From the Guardian‘s coverage of Oscar night:

Having made a last-minute decision to go ahead with the ceremony after weeks of increasingly frenetic ‘will-they, won’t-they’ jitters, organisers and celebrities alike are already mounting a campaign of damage limitation.A small number of celebrities… have pulled out of the ceremony, voicing disgust that America’s annual parade of self-congratulation is going ahead despite the war. Designers Giorgio Armani and Collette Dinnigan have cancelled trips to Hollywood to dress the stars and left it to their US-based associates to do the pampering instead.

A determination to ‘down-gown’, that is, to exchange frivolous glitz with muted glamour, has been announced as the tactic of choice by celebrities keen to demonstrate their sensitivity and political awareness but unwilling to boycott the ceremony altogether.



For two days in a row now, the Today programme on BBC Radio 4 seems to be dominated by stories of helicopter crashes which have killed quite a few people. The lengthy discussions of these incidents (about which there is, in fact, very little to say) annoy me, insofar as they tend to strengthen the impression that the major problems facing the US / UK troops are equipment failures of various kinds. I’m not sure that this is the case.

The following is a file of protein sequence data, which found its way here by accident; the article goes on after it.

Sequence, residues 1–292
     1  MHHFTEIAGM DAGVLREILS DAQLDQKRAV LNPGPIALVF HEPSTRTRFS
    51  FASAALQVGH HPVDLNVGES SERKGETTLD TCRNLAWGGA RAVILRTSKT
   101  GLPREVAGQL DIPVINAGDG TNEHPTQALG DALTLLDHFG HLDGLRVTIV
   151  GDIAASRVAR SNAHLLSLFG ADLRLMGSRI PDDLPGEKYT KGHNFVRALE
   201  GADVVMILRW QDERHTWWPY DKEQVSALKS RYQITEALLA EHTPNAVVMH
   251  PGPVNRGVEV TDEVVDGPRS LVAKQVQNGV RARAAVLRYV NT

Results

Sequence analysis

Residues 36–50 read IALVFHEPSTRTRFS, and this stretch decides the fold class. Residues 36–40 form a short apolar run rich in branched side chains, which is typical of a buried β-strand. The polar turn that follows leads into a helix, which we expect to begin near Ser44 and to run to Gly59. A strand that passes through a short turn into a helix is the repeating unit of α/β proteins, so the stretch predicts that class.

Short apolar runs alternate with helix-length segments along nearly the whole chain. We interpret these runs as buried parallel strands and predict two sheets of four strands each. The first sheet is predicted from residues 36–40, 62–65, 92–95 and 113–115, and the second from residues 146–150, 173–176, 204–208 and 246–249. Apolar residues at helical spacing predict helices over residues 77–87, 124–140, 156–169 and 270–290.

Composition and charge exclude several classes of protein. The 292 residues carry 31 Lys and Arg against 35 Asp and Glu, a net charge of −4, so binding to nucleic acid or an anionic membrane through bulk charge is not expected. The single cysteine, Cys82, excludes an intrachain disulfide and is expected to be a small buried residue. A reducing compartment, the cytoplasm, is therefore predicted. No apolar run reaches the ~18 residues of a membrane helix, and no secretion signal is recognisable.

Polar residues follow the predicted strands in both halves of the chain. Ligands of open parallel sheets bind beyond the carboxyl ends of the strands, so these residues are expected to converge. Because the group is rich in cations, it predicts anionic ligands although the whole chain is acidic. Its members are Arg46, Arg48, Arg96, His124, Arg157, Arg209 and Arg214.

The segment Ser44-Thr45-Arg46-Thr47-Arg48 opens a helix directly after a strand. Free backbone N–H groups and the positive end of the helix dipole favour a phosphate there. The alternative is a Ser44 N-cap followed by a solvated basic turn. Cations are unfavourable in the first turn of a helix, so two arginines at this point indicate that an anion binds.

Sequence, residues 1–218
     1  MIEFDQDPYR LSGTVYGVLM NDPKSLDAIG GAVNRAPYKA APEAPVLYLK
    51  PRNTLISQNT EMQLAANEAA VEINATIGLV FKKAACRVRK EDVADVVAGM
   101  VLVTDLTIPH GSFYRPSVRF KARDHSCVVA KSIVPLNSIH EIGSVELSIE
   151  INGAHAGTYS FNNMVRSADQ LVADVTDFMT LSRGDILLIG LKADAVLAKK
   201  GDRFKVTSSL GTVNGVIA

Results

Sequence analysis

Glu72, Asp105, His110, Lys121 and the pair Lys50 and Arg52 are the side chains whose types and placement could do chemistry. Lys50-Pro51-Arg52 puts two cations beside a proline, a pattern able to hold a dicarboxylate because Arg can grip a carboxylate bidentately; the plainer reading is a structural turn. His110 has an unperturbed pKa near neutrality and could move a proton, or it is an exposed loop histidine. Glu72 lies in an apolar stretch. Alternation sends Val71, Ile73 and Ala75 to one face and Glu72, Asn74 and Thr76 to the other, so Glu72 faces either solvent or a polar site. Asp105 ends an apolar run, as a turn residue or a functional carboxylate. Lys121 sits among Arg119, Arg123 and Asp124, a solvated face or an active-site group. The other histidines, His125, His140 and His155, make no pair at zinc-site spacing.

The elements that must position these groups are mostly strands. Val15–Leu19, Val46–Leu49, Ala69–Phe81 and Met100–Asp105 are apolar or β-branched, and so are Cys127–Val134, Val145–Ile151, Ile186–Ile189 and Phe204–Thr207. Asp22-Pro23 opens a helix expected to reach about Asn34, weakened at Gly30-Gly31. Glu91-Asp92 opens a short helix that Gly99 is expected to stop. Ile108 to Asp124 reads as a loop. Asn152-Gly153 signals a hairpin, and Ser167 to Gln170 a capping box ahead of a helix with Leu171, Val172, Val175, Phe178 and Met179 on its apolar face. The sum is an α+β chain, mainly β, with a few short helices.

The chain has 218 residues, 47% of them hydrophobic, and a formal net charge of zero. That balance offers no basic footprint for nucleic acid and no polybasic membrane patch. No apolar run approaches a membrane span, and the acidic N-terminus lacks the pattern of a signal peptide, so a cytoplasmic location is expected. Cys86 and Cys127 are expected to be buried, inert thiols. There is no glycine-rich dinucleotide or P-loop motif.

More interesting stories found online this morning include:

  • A document purporting to be the BBC’s War Reporting Editorial Guidelines (via IndyMedia UK).
  • Reports of the US use of napalm on Safwan Hill (in the Sydney Morning Herald).
  • The resignation of a UK government senior legal adviser (in the Guardian).
  • Robert Fisk’s report of last night’s attacks on Baghdad (in the Independent).
  • Ominous BBC reports of Turkish troops entering Northern Iraq.
  • Protests

    From Indymedia UK:

    Students and residents in Oxford have continued the actions this morning and afternoon. On the Cornmarket shop-street, people dressed in black stood along the paved road, and at 12:30 many church bells rang in mourning. A discussion space was active under Carfax Tower. Subsequently some people chained all the gas pumps at the E$$O gas station in the south of the city. Others are now ocupying the offices of pro-war Labour MP Andrew Smith in East Oxford.

    This follows on from an abortive attempt to occupy the town hall yesterday and a series of roadblocks. (Pictures, but not especially good ones, unfortunately, are here. The one at the bottom, in case you were wondering, is a pile of police-horse-shit).More activity promised later this evening.